The World of International Organizations

Media group accuses Saudis in 35 reporter cases

Jamal Khashoggi's likeness is projected onto a Washington building on the 2-year anniversary of the Saudi journalist's murder last October (AN/Freedom First)
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Reporters Without Borders filed a criminal complaint in Germany on Tuesday seeking to hold Saudi Crown Prince Mohammed bin Salman and his top aides accountable for “crimes against humanity” in the 2018 murder of Saudi journalist and Washington Post contributing columnist Jamal Khashoggi and the “widespread and systematic” persecution of 34 other detained journalists.

The Paris-based media advocacy organization’s criminal complaint of more than 500 pages, which includes charges of enforced disappearance, persecution, torture and unlawful killing, was filed with the public prosecutor’s office in the Federal Court of Justice at Karlsruhe, Germany’s highest court of civil and criminal jurisdiction.

Germany is among the governments, mainly in Canada and Europe, where the criminal code includes the principle of “universal jurisdiction,” which allows for investigations and prosecutions of the most serious crimes under international law that are committed abroad by people who are not nationals of the investigating and prosecuting jurisdiction. It was mostly intended to deal with international crimes against humanity, enforced disappearance, genocide, torture and war crimes.

The complaint also names four other officials — Saud al-Qahtani, a top aide to the crown prince; Major General Ahmed al-Assiri, a former deputy chief of Saudi intelligence; Mohammed al-Otaibi, then-Saudi consul general in Istanbul; and Maher Mutreb, an intelligence officer — in accusing them of “organizational or executive responsibility” in the orchestrated killing of Khashoggi inside the Saudi consulate at Istanbul, Turkey on October 2, 2018.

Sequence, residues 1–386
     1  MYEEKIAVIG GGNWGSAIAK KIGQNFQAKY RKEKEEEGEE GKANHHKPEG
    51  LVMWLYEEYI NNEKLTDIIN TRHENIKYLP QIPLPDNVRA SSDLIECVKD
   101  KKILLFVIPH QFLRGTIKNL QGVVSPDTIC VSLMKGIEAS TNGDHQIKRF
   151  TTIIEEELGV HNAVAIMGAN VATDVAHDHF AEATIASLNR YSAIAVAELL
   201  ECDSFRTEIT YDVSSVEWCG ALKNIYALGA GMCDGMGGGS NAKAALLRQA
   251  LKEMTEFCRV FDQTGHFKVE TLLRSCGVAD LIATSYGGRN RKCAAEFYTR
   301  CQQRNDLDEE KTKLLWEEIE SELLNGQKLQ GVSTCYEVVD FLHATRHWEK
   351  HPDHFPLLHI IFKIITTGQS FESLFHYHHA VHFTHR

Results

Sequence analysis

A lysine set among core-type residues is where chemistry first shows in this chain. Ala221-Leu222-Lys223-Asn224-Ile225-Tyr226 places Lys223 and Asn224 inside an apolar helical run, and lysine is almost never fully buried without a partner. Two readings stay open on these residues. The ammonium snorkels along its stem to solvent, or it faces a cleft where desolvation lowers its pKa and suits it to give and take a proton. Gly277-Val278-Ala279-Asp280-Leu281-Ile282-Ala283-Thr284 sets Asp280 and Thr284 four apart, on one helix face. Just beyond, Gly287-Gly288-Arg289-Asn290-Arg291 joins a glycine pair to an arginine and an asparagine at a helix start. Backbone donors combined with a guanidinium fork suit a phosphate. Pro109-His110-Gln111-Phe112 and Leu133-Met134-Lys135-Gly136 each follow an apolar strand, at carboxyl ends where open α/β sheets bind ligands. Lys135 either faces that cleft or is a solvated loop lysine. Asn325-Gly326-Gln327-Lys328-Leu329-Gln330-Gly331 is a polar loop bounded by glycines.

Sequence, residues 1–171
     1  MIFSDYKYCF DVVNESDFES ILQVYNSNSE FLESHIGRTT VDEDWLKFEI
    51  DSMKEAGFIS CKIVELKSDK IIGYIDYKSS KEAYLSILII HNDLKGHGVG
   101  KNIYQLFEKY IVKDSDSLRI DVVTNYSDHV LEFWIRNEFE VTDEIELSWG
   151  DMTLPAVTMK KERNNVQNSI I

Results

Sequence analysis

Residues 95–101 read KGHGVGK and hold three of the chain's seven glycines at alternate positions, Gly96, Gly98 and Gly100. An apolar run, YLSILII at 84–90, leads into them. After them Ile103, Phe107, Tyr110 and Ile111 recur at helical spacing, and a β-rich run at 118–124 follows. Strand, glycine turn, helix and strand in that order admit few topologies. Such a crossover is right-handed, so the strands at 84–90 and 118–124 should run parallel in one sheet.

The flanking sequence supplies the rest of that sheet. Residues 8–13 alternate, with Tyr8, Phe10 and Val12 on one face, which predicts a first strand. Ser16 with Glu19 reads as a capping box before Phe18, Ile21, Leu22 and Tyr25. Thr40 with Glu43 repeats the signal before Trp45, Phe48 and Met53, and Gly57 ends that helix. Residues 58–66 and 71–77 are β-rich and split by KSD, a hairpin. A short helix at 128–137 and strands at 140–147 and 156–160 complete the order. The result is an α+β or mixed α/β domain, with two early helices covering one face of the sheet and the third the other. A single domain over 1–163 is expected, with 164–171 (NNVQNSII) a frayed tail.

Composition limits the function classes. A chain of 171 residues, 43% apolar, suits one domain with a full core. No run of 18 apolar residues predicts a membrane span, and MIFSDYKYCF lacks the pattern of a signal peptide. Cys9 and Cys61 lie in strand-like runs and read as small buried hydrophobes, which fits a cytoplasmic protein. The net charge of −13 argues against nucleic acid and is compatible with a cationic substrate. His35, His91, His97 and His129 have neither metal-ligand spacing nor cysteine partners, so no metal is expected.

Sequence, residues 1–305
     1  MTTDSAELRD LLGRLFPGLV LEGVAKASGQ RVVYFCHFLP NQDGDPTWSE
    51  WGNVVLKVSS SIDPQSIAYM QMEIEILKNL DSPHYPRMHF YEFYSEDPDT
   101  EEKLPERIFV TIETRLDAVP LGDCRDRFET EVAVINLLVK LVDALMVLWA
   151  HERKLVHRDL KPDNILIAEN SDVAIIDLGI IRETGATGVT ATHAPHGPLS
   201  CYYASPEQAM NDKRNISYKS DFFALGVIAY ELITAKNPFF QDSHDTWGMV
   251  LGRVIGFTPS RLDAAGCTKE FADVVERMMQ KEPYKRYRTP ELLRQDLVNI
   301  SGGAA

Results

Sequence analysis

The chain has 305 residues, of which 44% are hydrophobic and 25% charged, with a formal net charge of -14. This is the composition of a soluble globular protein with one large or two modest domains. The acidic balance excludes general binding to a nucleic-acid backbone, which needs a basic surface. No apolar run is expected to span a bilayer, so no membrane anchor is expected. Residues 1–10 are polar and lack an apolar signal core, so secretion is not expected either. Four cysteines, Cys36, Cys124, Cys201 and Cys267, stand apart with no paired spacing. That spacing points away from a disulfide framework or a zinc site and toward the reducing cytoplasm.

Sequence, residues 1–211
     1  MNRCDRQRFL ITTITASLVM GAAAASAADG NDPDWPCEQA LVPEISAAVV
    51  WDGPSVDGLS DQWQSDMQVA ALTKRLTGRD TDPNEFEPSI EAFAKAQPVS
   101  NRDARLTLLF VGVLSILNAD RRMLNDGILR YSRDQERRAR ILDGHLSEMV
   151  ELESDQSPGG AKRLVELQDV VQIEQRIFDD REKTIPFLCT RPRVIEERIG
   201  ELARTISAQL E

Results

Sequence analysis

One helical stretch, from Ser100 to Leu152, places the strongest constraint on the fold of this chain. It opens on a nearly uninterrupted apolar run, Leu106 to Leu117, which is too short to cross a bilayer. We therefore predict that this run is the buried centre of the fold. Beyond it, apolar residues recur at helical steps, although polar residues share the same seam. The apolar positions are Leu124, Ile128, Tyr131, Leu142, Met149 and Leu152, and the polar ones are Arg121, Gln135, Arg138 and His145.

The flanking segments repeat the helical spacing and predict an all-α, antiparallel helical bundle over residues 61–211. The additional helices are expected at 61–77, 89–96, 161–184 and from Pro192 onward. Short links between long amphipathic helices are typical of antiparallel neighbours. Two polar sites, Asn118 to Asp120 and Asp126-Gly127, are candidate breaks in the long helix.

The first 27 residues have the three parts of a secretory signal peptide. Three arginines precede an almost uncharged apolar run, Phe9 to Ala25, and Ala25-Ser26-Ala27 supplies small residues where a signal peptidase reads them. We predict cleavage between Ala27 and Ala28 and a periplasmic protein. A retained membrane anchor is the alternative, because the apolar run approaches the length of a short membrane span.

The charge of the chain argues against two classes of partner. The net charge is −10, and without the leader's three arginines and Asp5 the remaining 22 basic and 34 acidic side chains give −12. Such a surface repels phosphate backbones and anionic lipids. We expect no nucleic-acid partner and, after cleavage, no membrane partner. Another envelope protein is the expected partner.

Not above the law

The complaint in German court was filed less than a week after U.S. President Joe Biden’s administration released a declassified U.S. intelligence report concluding Saudi Arabia’s crown prince, heir to the throne and the kingdom’s de facto ruler, had “approved” the operation to “kill or capture” Khashoggi, a former Saudi royal court insider who became one of the monarchy’s biggest critics.

Saudi Arabia’s foreign ministry had no immediate reaction to the criminal complaint but said in its response to the intelligence report that “the kingdom rejects any measure that infringes upon its leadership, sovereignty, and the independence of its judicial system.”

Reporters Without Borders said it also wanted to “reveal a system that threatens the life and liberty of any journalist in Saudi Arabia — in particular those who speak out publicly against the Saudi government.” It said at least 33 bloggers, columnists, editors and TV presenters remain imprisoned in Saudi Arabia for doing their jobs. One of the 34 detained journalists referenced in the complaint was since released.

“Those responsible for the persecution of journalists in Saudi Arabia, including the murder of Jamal Khashoggi, must be held accountable for their crimes,” said Christophe Deloire, secretary-general of Reporters Without Borders, or RSF, its French acronym.

“While these serious crimes against journalists continue unabated, we call on the German prosecutor to take a stand and open an investigation into the crimes we have revealed,” he said in a statement. “No one should be above international law, especially when crimes against humanity are at stake. The urgent need for justice is long overdue.”

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